15 October 2017

Temple Life

As I mentioned in my previous blog, with my time in Laos coming to an end I decided to fulfil something I have long thought about since coming back to Laos last year, becoming a Buddhist Novice Monk. Unfortunately I wasn’t able to complete the full ten days as I had originally planned due to complications with the police, however, I was able to complete seven full days.

I was very fortunate to spend most of my time inside the temple with Monk Pali, an ex-student I have known since I began working with GVI Laos last year (click here to read a blog post I wrote about him last year). This time the roles were reversed, he was my superior and mentor and I was able to learn a great deal from him. With very few commitments outside of the temple, except for the occasional village ceremony and language classes, Monk Pali and I spent the majority of the seven days together at the temple. 
After overcoming the initial shock of looking like something out of a horror movie with no hair and no eyebrows, I quickly settled into temple life, with Monk Pali showing me the ropes.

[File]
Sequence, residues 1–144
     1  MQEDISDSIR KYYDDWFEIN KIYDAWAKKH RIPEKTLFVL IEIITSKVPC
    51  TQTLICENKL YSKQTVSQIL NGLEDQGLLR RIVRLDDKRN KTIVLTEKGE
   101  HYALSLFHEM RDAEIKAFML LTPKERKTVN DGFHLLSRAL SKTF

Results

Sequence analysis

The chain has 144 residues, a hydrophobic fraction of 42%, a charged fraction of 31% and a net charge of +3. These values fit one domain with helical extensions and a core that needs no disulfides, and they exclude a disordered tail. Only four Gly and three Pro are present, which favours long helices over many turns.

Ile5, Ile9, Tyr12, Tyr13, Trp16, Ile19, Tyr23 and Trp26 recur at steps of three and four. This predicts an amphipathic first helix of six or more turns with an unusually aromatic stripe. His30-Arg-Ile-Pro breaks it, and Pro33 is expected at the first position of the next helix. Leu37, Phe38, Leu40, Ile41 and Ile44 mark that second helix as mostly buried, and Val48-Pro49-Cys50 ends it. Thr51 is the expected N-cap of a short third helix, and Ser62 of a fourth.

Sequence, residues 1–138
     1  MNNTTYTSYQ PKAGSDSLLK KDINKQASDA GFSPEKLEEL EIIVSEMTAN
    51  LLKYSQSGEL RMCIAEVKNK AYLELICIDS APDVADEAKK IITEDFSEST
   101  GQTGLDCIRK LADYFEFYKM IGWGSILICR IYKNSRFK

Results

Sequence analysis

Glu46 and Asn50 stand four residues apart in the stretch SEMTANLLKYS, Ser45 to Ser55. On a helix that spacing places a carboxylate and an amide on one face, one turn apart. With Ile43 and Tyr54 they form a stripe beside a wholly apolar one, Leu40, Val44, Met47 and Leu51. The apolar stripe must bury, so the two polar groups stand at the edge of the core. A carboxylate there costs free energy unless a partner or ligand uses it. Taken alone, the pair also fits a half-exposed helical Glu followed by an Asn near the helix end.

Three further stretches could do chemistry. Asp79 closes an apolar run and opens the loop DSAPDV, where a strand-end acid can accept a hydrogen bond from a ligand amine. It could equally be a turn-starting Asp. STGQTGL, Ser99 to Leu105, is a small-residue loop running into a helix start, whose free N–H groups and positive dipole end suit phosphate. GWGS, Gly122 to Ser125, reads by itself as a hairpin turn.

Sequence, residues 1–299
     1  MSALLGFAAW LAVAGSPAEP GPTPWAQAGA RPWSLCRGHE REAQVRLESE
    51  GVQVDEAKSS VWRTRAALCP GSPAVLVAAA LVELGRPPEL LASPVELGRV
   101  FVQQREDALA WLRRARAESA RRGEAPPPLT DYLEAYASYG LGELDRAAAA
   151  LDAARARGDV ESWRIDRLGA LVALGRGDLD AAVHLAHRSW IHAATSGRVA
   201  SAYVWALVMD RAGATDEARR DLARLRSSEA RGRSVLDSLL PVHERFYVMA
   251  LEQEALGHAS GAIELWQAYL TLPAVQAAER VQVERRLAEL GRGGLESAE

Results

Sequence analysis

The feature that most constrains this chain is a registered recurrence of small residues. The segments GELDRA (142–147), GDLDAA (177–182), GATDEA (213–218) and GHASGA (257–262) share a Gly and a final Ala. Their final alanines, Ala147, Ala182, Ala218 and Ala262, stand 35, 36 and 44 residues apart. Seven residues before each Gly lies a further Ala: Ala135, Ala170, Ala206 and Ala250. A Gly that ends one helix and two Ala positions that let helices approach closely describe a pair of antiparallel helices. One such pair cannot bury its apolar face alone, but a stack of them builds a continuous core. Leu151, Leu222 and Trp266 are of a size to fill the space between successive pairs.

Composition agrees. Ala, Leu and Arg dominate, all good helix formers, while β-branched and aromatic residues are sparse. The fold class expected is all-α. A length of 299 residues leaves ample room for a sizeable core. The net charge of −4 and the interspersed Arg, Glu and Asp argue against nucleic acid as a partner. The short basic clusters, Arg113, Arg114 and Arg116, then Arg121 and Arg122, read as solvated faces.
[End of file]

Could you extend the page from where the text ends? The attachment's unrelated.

Our days consisted of waking at 4 am, preparing for the day, morning chanting and meditation. Collecting alms at 5:30, breakfast and daily chores (cleaning dishes and around the temple) until 7:30. This would be when the younger Novices venture to school, to return for lunch, around 11:30, before leaving again to be back before evening chanting and meditation at 5:30 pm. 
During the day I spent my time reading, washing my robes, discussing various thought-provoking subjects and meditating with Monk Pali. Other idle time was spent sleeping. While at times it was hard not to feel like I was being lazy and unproductive, that is what temple life is all about, the act of doing nothing. This was a valuable opportunity for me to switch off my brain and lead an ascetic life for a short time and focus on what is important.
Temple life is very peaceful, calm and uncomplicated. It is the perfect opportunity to contemplate, focus on studies and learn, however, due to the growing accessibility of technology and the internet, it was hard to truly immerse oneself into that life. Between schedule activities, there wasn’t a time when I didn’t see a Novice Monk staring at a screen, on occasion certain younger Novices preferred to stay at the temple playing on their phones rather than go to school.